#19
Apr2708, 07:24 PM

P: 531

Hi Wallace,
First, thanks for the link to the Barnes & Francis paper. I've read several of their papers and this one is excellent, nicely explanatory, as were the others. I don't think their point by point dissection of terminology is at all pedantic; it is only through careful exposition of all of the terminology that the fog is lifted. Their conclusion doesn't surprise me: "We contend that the problem is not that expanding space has mislead us, but that describing the decay of v(pec) as joining the Hubble flow is a misnomer." I agree that the notion of "rejoining the Hubble flow" is rather unhelpful and nonintuitive. It is better just to say that peculiar velocity decays in fixed nonmoving (proper distance) coordinates in an expanding universe, period. Converting to comoving coordinates only complicates and confuses this particular analysis. Peculiar velocity may or may not decay asymtoptically close to zero (in fixed coordinates) as time approaches infinity. I think the converse terminology about gravitationally bound objects "breaking away from the Hubble flow" also is a misnomer for exactly the same reason. Jon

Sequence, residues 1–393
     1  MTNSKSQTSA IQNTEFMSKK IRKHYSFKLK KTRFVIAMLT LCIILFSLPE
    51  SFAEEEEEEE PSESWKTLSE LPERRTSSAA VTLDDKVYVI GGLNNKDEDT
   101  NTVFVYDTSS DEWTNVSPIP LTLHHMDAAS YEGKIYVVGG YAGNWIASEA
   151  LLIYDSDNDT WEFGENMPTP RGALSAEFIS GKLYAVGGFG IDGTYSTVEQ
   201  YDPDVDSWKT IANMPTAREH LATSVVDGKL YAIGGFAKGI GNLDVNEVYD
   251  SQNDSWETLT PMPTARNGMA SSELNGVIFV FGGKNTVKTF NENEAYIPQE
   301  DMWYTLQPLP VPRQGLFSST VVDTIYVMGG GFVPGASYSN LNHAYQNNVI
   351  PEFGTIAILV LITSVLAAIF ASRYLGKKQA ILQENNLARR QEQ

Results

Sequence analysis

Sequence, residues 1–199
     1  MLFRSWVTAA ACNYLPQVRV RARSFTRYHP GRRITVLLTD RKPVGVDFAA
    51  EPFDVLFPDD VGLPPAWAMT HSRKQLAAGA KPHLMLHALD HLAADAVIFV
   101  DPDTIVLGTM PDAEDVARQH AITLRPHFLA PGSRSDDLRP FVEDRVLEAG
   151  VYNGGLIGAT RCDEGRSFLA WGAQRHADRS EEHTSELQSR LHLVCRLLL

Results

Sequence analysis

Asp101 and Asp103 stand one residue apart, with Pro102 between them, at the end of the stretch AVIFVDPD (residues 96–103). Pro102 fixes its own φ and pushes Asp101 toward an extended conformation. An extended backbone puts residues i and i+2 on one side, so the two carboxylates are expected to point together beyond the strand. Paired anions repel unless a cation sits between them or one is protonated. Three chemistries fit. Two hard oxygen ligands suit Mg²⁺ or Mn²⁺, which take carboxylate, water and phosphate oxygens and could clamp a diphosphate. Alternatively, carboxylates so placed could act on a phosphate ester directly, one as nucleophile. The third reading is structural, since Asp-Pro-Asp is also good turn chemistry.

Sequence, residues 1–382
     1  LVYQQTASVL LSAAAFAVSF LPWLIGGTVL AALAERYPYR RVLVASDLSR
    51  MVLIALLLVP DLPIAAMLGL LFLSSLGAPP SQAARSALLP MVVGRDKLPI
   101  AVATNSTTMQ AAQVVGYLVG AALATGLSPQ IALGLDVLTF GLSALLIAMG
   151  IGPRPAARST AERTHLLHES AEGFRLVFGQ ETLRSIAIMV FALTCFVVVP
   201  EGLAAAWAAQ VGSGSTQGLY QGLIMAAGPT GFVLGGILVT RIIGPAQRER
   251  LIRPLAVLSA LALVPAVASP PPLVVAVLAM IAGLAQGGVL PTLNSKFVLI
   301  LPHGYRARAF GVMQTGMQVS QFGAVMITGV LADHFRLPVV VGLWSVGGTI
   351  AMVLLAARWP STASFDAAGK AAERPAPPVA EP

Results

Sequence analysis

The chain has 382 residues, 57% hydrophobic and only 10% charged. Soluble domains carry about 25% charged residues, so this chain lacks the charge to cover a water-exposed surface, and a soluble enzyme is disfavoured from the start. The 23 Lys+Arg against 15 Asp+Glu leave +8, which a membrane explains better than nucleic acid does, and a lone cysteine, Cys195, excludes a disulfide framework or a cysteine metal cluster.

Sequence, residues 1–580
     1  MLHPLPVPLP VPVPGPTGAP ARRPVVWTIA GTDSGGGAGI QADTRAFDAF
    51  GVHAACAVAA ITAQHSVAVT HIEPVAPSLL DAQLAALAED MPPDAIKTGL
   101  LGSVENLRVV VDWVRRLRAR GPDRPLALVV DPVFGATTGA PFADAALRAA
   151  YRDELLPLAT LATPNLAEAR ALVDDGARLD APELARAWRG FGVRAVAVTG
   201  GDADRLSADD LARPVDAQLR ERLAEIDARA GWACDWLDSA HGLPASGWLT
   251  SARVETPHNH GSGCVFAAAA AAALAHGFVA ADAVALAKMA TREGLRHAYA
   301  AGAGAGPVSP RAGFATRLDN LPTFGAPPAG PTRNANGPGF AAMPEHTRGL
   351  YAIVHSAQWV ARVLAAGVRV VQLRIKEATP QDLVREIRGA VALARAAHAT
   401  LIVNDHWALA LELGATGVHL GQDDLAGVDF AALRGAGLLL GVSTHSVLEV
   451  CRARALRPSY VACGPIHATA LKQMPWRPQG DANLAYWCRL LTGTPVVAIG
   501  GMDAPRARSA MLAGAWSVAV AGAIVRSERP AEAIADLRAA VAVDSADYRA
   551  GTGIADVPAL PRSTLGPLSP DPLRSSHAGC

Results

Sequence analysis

#20
Apr2708, 08:41 PM

Sci Advisor
P: 1,253





#21
Apr2708, 11:28 PM

Sci Advisor
PF Gold
P: 9,186





#22
Apr2808, 12:42 AM

P: 531